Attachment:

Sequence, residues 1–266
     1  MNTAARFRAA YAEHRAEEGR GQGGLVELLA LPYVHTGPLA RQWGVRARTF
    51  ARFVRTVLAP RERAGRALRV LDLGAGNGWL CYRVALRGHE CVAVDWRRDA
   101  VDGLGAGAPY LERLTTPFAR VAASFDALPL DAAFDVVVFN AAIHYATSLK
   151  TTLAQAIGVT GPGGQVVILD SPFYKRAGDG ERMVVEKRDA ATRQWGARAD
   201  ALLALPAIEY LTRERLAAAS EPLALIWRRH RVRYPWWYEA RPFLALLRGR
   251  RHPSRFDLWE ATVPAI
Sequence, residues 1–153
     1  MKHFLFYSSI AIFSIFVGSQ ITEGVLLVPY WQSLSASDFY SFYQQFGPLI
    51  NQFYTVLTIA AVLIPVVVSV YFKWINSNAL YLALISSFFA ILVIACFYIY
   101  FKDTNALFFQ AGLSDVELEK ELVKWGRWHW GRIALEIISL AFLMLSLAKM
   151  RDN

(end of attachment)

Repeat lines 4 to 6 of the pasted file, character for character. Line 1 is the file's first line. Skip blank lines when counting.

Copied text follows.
   101  VDGLGAGAPY LERLTTPFAR VAASFDALPL DAAFDVVVFN AAIHYATSLK
   151  TTLAQAIGVT GPGGQVVILD SPFYKRAGDG ERMVVEKRDA ATRQWGARAD
   201  ALLALPAIEY LTRERLAAAS EPLALIWRRH RVRYPWWYEA RPFLALLRGR